Retired Royal Air Force officer Michael Swiney, who observed three UFOs while flying a training mission in 1952, has died aged 90.
Swiney’s close encounter occurred shortly after a wave of unexplained sightings during the NATO operation Mainbrace. According to Captain Ed Ruppelt former head of the USAF’s Project Blue Book, it was these sightings that prompted the RAF to set up its first UFO investigation bureau.
Air Commodore Swiney OBE joined the RAF in 1945 and served at bases in Scotland, West Germany and Saigon. He ended his career as an air intelligence officer at Ministry of Defence where he had access to classified files on unusual sightings, many of which have since been destroyed.
But it was his sighting whilst flying a Meteor T7 twin-jet from RAF Little Rissington on 21 October 1952 that haunted him throughout his career.
His account was published in my book (with Andy Roberts) Out of the Shadows (Piatkus, 2002) and in The UFO Files: The Inside Story of Real Life Sightings (Bloomsbury, 2012).
Swiney had been flying for nine years when he left the airfield at Little Rissington on the training flight over southwest England. As the Meteor, with Crofts at the controls, punched through clouds at about 15,000 feet both men were amazed to see ‘three white…circular objects’ above them.
He remembered exclaiming ‘what on Earth is going on!’
Initially he thought they could be three descending parachutes and, fearful of tearing through their canvasses, Swiney took control of the aircraft from his student.
As both men watched in amazement, the three objects appeared to change position ‘and lost their circular shape and took on more of a “flat plate” appearance’: much like the classic ‘flying saucer‘ of pop culture.
Swiney reported their observation to ground control and returned to base, where the two men were separated and interviewed by officers from Air Ministry. They were told their visual sighting had been corroborated by ground radar and aircraft had been scrambled to intercept the UFOs, without success.
The incident remained an official secret until a partial account of it emerged in Air Marshal Sir Peter Horsley’s book Sounds from Another Room in 1997. Horsley was at the time equerry to the Duke of Edinburgh, who had received a written account of Swiney and Croft’s sighting for his personal files. But Horsley’s account in his book was written from memory.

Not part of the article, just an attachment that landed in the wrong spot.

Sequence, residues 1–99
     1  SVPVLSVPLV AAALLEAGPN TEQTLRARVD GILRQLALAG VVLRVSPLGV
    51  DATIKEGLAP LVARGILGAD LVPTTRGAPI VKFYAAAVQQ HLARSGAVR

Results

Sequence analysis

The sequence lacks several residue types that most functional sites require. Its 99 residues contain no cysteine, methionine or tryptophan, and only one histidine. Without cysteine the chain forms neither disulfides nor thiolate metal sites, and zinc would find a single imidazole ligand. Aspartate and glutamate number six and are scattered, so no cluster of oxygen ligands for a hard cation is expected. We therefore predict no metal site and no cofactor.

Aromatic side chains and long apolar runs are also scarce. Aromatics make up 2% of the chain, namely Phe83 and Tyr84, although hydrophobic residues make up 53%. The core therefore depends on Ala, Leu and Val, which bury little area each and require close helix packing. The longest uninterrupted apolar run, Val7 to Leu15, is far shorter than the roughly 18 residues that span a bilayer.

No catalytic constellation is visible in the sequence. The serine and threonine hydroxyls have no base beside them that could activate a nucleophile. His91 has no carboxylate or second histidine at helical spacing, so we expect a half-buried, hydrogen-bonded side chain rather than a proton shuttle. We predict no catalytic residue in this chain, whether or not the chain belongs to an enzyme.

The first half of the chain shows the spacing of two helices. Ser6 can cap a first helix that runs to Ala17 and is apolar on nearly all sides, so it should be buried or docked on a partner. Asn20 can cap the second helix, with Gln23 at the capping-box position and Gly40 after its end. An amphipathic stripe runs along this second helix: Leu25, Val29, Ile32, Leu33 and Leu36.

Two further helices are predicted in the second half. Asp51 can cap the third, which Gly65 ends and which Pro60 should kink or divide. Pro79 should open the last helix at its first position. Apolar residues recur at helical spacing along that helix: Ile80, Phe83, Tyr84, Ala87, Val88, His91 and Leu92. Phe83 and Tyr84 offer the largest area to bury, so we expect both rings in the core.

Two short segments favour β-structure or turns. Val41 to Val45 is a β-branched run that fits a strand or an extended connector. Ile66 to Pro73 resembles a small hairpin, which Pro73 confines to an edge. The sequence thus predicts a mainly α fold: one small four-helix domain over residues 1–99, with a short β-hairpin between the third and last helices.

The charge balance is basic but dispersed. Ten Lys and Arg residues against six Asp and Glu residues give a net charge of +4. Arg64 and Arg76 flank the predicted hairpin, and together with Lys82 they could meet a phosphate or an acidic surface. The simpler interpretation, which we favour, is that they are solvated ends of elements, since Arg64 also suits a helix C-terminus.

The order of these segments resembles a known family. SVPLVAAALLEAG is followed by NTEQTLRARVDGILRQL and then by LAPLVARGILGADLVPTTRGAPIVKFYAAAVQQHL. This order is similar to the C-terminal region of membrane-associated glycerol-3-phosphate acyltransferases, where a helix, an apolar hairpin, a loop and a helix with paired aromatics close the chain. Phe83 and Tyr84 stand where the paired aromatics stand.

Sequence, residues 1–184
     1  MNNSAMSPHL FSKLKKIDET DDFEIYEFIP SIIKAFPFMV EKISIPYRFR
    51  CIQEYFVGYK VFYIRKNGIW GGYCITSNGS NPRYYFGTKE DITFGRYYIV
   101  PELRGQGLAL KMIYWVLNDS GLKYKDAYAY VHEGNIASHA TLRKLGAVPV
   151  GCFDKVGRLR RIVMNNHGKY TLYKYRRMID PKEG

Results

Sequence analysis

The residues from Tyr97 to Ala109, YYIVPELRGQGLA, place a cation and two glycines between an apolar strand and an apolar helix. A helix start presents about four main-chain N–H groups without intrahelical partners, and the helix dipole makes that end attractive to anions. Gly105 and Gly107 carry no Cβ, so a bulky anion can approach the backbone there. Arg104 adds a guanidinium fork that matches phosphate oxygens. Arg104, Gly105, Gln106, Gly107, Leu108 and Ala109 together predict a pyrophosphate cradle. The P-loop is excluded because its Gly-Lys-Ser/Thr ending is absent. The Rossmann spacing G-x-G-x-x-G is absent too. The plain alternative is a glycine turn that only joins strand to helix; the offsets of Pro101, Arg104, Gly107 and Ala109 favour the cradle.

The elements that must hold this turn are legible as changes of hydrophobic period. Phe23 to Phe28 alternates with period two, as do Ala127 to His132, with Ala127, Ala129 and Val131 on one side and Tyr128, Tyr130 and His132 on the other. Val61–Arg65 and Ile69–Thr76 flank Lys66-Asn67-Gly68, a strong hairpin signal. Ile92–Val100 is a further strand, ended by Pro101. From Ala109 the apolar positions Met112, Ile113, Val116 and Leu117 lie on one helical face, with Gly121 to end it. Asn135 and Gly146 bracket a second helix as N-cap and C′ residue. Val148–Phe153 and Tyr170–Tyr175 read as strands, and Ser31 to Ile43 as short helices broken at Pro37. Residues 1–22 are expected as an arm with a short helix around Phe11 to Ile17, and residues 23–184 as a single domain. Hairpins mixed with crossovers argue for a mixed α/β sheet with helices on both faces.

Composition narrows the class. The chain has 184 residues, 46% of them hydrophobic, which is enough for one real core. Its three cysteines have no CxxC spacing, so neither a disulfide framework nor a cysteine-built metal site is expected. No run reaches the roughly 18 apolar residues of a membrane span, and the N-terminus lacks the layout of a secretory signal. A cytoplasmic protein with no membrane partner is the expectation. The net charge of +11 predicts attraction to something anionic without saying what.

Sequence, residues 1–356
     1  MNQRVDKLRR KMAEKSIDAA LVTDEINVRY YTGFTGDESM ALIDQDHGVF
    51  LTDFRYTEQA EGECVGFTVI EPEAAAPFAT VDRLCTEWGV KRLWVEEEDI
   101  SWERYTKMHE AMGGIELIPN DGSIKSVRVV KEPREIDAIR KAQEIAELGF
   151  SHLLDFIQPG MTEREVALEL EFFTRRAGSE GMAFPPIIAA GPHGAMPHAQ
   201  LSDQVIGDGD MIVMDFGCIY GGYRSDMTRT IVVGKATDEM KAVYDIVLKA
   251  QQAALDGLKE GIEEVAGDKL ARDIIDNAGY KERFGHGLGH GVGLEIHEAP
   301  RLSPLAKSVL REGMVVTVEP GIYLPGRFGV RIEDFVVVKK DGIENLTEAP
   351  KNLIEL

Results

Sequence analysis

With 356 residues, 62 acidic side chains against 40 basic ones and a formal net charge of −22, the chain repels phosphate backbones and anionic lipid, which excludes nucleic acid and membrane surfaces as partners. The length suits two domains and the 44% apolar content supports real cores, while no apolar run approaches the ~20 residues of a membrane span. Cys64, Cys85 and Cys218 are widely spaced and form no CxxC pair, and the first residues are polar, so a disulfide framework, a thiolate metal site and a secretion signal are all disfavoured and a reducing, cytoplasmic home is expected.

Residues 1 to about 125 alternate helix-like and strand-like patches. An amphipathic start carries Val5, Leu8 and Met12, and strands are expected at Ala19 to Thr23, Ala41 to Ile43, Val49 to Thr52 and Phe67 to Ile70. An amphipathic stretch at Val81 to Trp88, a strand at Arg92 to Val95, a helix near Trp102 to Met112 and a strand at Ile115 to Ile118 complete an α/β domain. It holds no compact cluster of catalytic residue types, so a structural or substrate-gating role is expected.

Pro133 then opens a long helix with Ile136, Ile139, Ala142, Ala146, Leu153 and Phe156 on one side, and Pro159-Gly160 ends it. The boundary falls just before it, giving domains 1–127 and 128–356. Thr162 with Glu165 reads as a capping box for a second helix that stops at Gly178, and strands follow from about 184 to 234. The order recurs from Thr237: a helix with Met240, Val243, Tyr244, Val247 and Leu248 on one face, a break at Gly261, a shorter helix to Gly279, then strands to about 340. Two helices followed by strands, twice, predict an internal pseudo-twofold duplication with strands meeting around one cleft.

Swiney heard nothing more about his observation until 1975 when serving as Air Commodore (Intelligence) at MoD he asked to see a copy of his report. He read it and placed it back in his ‘out tray’ without taking a copy.
‘That was my biggest regret,’ he told me in 2004. ‘Because after my retirement, when I tried to trace the report by writing to the MoD, I was told that all reports prior to 1962 had been destroyed.’
The only surviving official document that refers to the Little Rissington incident is a logbook entry that refers to a sighting of three ‘saucer shaped objects’ travelling at high speed. It concludes: ‘Later, ATCC Gloucester reported radar plots to confirm this, but Air Ministry discounted any possibility of “extra terrestrial objects”.
The Air Ministry report on this and other incidents reported by RAF and Fleet Air Arm pilots from the 1950s appear to have been destroyed in one of many subsequent purges of the MoD archives.
Michael Swiney was one of the most impressive witnesses I interviewed during my research for The National Archives. Refreshingly, he refused to embellish his account of his experience, or distort it by immersion in the literature of the UFO industry.
‘I don’t think there are little green men who are going to suddenly land and get out of peculiar looking craft,’ he told me.
‘But what I do know is that both David Crofts and I saw something, the like of which we had never seen before, and I have never seen since. I can’t explain it.
‘I was frightened. I make no bones about it. It was something supernatural, perhaps, and when I landed someone told me I looked as if I had seen a ghost.’